Nine years later, Jason Bourne returns to the screen after “The Bourne Identity” (2002), “The Bourne Supremacy” (2004), and “The Bourne Ultimatum” (2007). This anticipated return in the summer of 2016 is both exciting and disappointing—exciting because the film intensifies my nerves again for thrilling actions, while disappointing because there is really nothing innovative about this film compared to the old ones.
In the first scenes of “Identity” (2002), Bourne was found under water and brought back to life; meanwhile, in the final scene of “Ultimatum” (2007), Bourne jumped off the CIA building and fell underwater. This perfect ending of “Ultimatum” signaled the completion of this spy franchise and a full circle of Bourne’s life. As Bourne told Pamela Landy earlier, “this is where it started for me. This is where it ends.” At the end of the trilogy, Bourne finally swam away in the water, which implies that Bourne regained his personal freedom and would start a new chapter of his life independent from the CIA.
In a capital-driven industry, however, it is extremely hard to end a film series completely if there is the potential to generate millions of dollars. As a result, after an unsuccessful attempt with “The Bourne Legacy” (2012) to start a new series, Jason Bourne is pulled out of the water again.
On one hand, the reunion between Matt Damon and Director Paul Greengrass successfully arouses nostalgia in old fans of the Bourne trilogy. As always, the new film’s action views are thrilling. Random yet thrilling events aside, the car chasing scenes between Bourne and the Asset (Vincent Cassel) are still spectacular and even remind me of “Fast and Furious.” In addition, this new film is set in a post-Snowden world and ties closely to a controversial debate between individual freedom and national security in current society. The moral question of the film is very similar to the Apple vs. FBI case in February this year: whether the phone company should provide technical assistance such as a backdoor service to governmental agencies. Greengrass’s film offers the more liberal answer.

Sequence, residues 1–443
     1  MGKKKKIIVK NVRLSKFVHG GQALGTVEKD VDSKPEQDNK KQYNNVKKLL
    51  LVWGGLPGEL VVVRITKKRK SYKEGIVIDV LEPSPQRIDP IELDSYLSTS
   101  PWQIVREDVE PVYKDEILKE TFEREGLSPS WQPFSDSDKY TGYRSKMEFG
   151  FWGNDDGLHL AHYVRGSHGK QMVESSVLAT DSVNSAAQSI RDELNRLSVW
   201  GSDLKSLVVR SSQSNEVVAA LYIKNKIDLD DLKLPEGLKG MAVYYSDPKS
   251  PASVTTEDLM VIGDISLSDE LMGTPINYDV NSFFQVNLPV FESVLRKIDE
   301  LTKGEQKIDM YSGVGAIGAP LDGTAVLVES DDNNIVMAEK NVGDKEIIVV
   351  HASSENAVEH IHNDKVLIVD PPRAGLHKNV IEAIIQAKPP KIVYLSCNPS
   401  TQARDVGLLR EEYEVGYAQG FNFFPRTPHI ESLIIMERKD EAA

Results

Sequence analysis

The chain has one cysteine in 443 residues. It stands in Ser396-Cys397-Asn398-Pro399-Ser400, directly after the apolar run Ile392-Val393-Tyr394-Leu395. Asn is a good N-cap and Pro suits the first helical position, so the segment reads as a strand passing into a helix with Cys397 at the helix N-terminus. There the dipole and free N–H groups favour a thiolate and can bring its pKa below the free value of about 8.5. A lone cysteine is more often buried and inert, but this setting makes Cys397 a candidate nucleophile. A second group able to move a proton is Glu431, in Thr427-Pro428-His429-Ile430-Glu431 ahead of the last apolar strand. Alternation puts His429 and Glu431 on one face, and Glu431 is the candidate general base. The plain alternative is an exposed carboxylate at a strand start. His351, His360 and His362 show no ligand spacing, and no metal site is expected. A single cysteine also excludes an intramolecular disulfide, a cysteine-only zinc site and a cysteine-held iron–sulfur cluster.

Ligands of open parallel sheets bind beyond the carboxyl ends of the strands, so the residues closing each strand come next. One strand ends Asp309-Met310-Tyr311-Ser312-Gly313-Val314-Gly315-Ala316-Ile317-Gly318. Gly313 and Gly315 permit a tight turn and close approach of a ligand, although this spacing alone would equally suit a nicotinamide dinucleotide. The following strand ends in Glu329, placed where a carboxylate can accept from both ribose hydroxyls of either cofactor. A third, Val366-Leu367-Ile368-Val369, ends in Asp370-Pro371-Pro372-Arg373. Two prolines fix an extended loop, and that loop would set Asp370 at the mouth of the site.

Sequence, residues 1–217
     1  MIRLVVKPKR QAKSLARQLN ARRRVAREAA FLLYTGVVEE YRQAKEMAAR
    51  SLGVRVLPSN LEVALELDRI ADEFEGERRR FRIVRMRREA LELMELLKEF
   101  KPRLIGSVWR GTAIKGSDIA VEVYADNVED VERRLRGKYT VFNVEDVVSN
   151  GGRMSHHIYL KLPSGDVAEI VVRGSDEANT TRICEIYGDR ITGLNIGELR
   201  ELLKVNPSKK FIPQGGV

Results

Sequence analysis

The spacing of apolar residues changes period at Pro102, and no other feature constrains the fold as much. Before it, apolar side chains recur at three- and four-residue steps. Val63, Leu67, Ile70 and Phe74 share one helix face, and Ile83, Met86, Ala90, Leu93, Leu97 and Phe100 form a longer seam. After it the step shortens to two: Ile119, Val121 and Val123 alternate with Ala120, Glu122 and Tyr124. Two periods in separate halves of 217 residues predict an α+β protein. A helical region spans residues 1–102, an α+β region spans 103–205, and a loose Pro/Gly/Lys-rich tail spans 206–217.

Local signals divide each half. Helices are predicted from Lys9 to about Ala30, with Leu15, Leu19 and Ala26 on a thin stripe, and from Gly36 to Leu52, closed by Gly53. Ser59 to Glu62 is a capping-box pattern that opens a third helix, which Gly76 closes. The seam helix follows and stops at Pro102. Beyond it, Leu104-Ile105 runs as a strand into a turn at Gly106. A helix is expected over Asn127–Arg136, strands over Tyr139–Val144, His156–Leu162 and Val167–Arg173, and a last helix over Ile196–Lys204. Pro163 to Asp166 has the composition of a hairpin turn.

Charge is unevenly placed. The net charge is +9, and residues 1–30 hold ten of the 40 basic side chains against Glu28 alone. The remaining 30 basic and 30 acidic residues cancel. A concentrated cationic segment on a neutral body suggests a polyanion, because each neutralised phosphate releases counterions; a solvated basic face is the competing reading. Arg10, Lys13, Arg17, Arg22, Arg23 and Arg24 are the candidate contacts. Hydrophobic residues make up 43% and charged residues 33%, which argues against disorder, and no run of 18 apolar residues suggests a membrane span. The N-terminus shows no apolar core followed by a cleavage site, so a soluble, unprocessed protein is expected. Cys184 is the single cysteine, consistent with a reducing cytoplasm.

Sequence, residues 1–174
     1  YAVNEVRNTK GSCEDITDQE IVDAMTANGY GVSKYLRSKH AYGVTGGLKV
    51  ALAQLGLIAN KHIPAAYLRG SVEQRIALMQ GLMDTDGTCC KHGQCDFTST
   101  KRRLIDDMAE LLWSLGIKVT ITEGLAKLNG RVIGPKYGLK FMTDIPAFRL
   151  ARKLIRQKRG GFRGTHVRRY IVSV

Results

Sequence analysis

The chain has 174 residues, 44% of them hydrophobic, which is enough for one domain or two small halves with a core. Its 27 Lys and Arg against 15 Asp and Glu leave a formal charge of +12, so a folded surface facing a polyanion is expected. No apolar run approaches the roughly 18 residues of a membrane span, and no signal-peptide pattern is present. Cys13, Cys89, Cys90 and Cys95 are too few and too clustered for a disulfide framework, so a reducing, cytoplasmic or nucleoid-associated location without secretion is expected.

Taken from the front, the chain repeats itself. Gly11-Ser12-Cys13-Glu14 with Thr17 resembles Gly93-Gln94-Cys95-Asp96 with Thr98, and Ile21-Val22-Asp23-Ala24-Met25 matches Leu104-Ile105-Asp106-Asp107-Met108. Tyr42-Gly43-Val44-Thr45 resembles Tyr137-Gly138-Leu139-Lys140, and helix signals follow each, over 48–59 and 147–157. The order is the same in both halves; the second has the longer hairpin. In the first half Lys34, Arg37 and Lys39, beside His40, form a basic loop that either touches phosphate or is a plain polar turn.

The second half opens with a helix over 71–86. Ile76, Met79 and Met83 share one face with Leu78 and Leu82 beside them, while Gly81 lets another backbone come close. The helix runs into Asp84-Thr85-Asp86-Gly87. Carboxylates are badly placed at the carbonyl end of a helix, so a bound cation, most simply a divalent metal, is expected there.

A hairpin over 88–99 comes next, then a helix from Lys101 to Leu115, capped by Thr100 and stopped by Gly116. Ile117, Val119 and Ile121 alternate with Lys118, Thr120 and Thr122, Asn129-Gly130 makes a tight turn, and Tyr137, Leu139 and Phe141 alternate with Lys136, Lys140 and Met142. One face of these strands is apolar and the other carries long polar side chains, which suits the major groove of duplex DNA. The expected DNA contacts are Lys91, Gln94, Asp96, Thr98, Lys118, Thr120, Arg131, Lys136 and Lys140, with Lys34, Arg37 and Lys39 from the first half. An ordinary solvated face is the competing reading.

On the other hand, the story line of “Jason Bourne” (2016) is extremely similar to the old ones: Bourne is suffering from his habitually traumatic experiences again. The CIA is attempting to hunt him down because he had access to some classified documents; Heather Lee (Alicia Vikander), the head of the CIA Cyber Ops Division, helps Bourne beat the authority. The new boss of the Agency (Tommy Lee Jones) wants to kill Bourne to cover up his corrupted management and abuses of power. Of course, in the end, Bourne beats up all the bad guys and restores justice.
To attract as many new viewers as possible, this new Bourne film even flashes back—more than five times—to Bourne’s memory with his father before a pre-planned car crash. Moreover, Damon only says 288 words through the film. As Film Critic Kate Muir suggests, the fewer nuances the film has in translation, the easier to sell in the international market, especially in China.
After more than half a month of showing in North America, “Jason Bourne” finally hit the screen of Chinese cinemas on Aug. 23, 2016, but with an “exclusive” 3D-only version. It is a common strategy to use 3D effects in Hollywood to boost ticket sales. According to Chinese media, the ticket sales reached 74 million yuan (around US $11 million) on the opening day. The Beijing News reported that only eight of 149 cinemas in Beijing offered the option to view 2D version as of Aug. 25.
Paul Greengrass shot “Jason Bourne” in 2D and released it worldwide in its original format. Universal’s decision to release it in 3D in China reveals how deeply Hollywood is in its money-generating games, even though the film’s violently shaking cinematography and fast-paced editing do not lend well to the 3D format. According to Chinese news outlets, many audiences have reported feeling dizzy and uncomfortable after watching the 3D version.
Is it impossible to close the Bourne series if it still generates money? It might be true. After seven successful books and eight successful movies, “Harry Potter” starts its eighth story, “The Cursed Child,” through theater, a new format of storytelling. Yet Jason Bourne’s largest problem is the film as a simple repetition of the old trilogy with nothing innovative.
Greengrass ended this new film with a particular vague message to the audience. If he wants, he can always pick up the story and film the next series. Although he might risk destroying the previous positive reputation of the Bourne, it is his call. Nevertheless, using a poorly made 3D version of Jason Bourne to target the Chinese market shows that Hollywood has gone too far in its money-generating games and has begun to lose its professional ethics.